Tas-Victoria power cable stacks up: study

A business case study says a proposed second power cable between Tasmania and Victoria is viable

A second electricity interconnector between Tasmania and Victoria has been given a big tick by a business case study but it remains unclear how the $3.5 billion project will be funded.

State energy provider TasNetworks on Thursday released a report into the feasibility of the Marinus Link project.

It found the undersea power cable would deliver huge economic benefits to both states and keep mainland power prices down.

The proposed 350km, 1500-megawatt cable was technically feasible, commercially viable and could deliver between $600 million and $3.1 billion in net benefits to the national energy market, the report said.

"These benefits mean the cost of electricity supply in the NEM (National Energy Market) would be relatively lower with Marinus Link in service," it said.

"In a competitive energy market, this should translate to relatively lower electricity prices for customers."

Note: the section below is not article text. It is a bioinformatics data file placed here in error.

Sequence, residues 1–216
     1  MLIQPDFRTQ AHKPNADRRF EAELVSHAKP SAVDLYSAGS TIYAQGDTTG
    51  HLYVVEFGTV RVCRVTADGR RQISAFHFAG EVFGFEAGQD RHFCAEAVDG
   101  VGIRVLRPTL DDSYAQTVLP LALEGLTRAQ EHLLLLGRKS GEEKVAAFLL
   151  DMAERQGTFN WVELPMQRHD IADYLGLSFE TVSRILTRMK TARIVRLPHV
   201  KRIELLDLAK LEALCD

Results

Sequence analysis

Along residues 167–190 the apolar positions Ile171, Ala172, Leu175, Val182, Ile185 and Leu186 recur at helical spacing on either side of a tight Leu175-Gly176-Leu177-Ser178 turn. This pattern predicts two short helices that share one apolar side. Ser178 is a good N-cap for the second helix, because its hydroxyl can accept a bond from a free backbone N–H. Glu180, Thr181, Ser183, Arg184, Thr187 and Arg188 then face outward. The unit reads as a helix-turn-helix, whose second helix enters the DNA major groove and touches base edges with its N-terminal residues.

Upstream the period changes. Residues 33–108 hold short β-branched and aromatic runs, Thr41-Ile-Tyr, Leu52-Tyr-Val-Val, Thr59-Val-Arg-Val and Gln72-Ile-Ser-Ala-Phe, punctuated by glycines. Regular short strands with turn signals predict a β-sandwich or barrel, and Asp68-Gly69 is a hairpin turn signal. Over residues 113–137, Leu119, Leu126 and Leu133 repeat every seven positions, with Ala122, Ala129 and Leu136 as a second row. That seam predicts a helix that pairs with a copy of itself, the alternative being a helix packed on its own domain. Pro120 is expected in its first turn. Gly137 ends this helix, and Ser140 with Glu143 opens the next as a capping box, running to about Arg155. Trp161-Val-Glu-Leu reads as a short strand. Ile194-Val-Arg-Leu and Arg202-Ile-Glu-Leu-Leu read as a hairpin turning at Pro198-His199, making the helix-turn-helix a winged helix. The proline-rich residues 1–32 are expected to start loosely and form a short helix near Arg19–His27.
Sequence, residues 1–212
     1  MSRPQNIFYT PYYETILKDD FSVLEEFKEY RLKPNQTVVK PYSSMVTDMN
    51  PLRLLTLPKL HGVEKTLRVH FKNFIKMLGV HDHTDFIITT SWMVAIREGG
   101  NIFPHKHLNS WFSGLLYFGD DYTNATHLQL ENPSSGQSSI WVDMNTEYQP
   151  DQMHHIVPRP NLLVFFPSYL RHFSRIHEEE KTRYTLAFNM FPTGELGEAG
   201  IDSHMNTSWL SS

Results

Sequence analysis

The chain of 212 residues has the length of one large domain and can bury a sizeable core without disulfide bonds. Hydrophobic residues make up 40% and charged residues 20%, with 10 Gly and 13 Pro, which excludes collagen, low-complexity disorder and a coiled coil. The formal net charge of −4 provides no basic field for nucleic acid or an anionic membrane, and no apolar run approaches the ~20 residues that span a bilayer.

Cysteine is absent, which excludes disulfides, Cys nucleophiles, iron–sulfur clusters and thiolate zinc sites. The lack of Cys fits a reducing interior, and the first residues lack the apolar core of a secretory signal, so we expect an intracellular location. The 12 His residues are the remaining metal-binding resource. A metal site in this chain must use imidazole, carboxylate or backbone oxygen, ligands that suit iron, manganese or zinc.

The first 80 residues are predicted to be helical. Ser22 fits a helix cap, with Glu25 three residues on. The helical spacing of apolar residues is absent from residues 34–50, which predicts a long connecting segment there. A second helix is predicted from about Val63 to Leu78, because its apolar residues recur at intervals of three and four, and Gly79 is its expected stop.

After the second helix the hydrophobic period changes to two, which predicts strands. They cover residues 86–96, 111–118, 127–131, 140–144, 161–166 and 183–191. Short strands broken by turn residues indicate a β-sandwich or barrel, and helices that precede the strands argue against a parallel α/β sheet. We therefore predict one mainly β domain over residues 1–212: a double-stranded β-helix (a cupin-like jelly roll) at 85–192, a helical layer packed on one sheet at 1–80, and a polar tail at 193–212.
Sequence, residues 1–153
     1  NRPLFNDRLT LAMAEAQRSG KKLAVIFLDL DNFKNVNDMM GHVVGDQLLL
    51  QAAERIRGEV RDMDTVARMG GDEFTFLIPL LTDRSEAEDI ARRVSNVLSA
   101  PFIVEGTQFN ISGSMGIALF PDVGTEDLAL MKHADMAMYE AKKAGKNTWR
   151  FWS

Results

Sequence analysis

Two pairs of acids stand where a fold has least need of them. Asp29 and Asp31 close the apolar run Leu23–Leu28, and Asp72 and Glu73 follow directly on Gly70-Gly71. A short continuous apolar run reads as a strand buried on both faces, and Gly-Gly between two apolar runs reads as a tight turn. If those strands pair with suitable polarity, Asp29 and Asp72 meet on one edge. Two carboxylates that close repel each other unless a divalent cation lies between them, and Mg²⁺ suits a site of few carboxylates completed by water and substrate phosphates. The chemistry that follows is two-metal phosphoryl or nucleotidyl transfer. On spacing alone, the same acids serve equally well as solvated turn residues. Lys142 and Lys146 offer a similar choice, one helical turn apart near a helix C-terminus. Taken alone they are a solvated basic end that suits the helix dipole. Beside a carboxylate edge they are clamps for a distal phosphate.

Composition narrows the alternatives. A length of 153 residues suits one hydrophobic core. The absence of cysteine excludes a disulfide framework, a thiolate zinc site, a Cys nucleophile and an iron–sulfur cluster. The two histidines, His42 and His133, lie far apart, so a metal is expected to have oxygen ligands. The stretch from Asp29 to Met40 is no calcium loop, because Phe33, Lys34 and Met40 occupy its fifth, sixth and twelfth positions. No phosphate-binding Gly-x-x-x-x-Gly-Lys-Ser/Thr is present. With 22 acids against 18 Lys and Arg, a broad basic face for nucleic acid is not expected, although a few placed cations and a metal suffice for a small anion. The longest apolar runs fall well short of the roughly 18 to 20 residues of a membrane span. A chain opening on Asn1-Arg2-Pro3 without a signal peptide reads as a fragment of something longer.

The project would create 2800 jobs across both states at the peak of construction between 2025 and 2027, when the cable is slated to come online.

However, it is unclear how the infrastructure will be paid for, with Tasmania Energy Minister Guy Barnett saying discussions with the federal government about funding were ongoing.

Mr Barnett said Tasmania would pay no more than its "fair share", but wouldn't specify a figure.

The national Energy Security Board has been commissioned to look at a pricing allocation model for the interconnector and further discussions between federal and state governments would be held at COAG next year, Mr Barnett said.

Tasmania transfers electricity to Victoria through the existing Basslink cable but about 400MW of available energy cannot be delivered to the mainland due to constraints on Basslink, which began operating commercially in 2006.

The Commonwealth has invested $56 million into fast-tracking the Marinus Link project.

The business case assessment was jointly funded by TasNetworks and the federal government through the Australian Renewable Energy Agency.